SAN AGUSTÍN ETLA, Mexico — I arrived in San Agustín as if in a dream, after taking an overnight bus from Mexico City that pulled into the sleepy capital of Oaxaca before sunrise. After a short shuttle bus ride from Oaxaca City’s central station to the main market, a 12-peso taxi colectivo zipped out of the city, past flowering groves of hibiscus, nopal, and agave. As the sun rose, the taxi climbed perilous cobblestone roads further and deeper into hills of farmland. The clouds began to lift off the mountains, kissing their peaks as the day quickly warmed the frosty countryside.
As I arrived at the Centro de las Artes de San Agustín (CaSa) around 8am, the town was still asleep. The air tasted fresh and smelled of charred wood. The sunlight came and went, still burning off the remaining cloud cover and playing across the manicured gardens of the converted textile mill, looking out over the valley and village below — the same high spot where the colonizing Spanish built a church to symbolize god’s reign over all things earthly. Stray dogs played and slept lazily in the new sun at the entrance to the sprawling complex. Both the church and the arts center loom over the village of San Agustín, which has been undeniably changed by the presence of CaSa, which brings scores of tourists and development projects to the small town.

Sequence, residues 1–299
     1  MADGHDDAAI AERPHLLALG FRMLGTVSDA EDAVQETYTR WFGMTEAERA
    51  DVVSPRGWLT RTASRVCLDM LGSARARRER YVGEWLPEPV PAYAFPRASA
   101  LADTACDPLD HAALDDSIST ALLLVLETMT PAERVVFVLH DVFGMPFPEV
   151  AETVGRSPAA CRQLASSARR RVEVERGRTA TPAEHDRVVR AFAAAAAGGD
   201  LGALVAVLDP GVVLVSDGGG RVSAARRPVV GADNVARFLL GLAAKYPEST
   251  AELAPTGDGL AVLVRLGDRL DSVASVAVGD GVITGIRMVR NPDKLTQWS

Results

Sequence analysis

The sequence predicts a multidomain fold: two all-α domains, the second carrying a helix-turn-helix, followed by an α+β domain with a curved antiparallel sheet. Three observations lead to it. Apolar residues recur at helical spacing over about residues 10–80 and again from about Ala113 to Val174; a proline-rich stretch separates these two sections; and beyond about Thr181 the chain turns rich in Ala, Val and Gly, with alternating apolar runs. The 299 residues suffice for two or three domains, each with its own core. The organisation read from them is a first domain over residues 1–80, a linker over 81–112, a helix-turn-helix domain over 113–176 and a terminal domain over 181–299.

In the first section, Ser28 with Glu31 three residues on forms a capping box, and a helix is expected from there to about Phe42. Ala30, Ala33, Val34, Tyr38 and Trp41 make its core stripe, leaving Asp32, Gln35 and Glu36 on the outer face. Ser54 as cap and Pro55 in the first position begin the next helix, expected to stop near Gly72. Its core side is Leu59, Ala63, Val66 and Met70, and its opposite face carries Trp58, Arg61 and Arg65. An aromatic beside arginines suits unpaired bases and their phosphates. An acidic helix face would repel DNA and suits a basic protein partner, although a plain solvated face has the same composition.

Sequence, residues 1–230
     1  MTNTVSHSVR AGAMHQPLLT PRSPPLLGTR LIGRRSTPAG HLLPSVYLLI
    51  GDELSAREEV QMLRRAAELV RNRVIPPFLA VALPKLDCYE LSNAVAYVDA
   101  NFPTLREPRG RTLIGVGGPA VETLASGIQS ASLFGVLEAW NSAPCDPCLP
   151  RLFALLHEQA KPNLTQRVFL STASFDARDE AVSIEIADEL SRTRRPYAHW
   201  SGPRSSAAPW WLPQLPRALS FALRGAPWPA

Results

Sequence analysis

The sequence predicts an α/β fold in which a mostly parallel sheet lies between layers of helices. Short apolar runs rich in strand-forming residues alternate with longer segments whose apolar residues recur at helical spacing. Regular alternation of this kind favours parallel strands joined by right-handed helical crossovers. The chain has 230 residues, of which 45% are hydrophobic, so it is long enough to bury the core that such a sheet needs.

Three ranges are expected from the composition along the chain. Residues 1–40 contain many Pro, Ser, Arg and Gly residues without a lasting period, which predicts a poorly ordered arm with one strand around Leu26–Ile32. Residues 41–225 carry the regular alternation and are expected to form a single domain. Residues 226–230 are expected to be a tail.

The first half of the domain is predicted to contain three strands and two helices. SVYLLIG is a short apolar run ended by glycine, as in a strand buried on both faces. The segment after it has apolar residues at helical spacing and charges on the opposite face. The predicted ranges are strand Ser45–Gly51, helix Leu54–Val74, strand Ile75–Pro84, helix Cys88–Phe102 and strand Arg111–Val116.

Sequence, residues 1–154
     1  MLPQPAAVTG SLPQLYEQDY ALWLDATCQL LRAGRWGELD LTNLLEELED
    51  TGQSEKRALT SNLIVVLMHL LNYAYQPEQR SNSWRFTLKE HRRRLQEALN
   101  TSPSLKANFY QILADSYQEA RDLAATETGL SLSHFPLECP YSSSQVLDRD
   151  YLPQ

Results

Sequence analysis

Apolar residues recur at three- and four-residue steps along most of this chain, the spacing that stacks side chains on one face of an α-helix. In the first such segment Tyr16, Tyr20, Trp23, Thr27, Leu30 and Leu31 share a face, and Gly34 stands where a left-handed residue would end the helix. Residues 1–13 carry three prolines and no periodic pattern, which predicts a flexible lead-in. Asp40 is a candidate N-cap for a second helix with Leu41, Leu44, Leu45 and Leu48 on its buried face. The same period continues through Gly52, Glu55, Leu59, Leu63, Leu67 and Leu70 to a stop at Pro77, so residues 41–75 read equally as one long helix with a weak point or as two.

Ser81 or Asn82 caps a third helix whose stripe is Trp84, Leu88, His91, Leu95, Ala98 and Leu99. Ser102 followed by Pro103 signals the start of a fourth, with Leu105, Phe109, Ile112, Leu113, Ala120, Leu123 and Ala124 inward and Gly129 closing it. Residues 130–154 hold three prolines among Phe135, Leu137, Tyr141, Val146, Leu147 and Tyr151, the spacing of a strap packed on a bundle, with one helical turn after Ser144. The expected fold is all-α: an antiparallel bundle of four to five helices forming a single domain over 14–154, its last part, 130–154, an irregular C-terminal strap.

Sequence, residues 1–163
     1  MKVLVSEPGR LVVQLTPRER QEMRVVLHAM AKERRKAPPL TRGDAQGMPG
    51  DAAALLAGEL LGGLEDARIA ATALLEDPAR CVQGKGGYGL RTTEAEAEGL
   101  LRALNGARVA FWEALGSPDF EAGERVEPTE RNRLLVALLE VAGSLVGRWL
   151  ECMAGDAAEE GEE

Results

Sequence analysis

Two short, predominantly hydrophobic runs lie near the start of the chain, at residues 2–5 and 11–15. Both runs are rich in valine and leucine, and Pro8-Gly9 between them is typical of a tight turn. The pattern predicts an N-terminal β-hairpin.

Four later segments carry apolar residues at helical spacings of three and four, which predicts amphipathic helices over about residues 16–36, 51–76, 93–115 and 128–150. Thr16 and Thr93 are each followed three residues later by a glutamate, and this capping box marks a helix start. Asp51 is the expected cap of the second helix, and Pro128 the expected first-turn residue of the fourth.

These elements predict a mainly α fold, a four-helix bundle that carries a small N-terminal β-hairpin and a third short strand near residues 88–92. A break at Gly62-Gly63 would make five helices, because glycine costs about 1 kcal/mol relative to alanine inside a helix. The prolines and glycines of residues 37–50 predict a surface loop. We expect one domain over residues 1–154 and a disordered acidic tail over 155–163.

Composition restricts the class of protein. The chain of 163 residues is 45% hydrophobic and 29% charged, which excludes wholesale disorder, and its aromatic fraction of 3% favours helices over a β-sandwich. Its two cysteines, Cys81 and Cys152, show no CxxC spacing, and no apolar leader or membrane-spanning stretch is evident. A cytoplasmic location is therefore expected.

Oaxaca native Francisco Toledo opened CaSa in 2006 as a space for education, exhibition, and production. Today, it’s open to the public, but also serves as the artist’s personal factory, where his legacy is churned out by an army of local laborers. The expansive facility, built inside a 19th-century mill, includes fully equipped paper-making, digital, printmaking, photography, and textile studios, as well as two sprawling exhibition spaces, artists’ housing, and a retail store. Driving through the hills of Etla, a municipality of Oaxaca, you wouldn’t expect to find a jewel like CaSa amid the humble, tin-roof towns that pockmark the landscape. The changes the center has brought about are immediately apparent. Compared to the surrounding villages, San Agustín boasts a well illuminated and maintained main avenue, several new-age restaurants, and luxury accommodations catering to outsiders.
The development spurred by Toledo and his arts center adds to San Agustín’s charm, but it also brings to mind questions about gentrification and whether CaSa is truly benefiting the local community, or marginalizing it. During my stay at CaSa — where, full disclosure, I was artist-in-residence for a week — I saw that the arts center employs locals, provides arts education, and spurs infrastructure development. It was also obvious that local residents don’t participate in the same capacity that outsiders do. During events I attended at CaSa, the vast majority of attendees were from Oaxaca City or tourists from abroad.